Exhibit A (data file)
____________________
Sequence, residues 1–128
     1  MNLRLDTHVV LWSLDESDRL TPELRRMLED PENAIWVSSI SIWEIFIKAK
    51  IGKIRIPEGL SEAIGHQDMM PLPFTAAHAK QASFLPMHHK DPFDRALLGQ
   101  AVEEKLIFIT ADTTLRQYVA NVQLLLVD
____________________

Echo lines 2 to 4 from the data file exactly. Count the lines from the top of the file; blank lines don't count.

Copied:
     1  MNLRLDTHVV LWSLDESDRL TPELRRMLED PENAIWVSSI SIWEIFIKAK
    51  IGKIRIPEGL SEAIGHQDMM PLPFTAAHAK QASFLPMHHK DPFDRALLGQ
   101  AVEEKLIFIT ADTTLRQYVA NVQLLLVD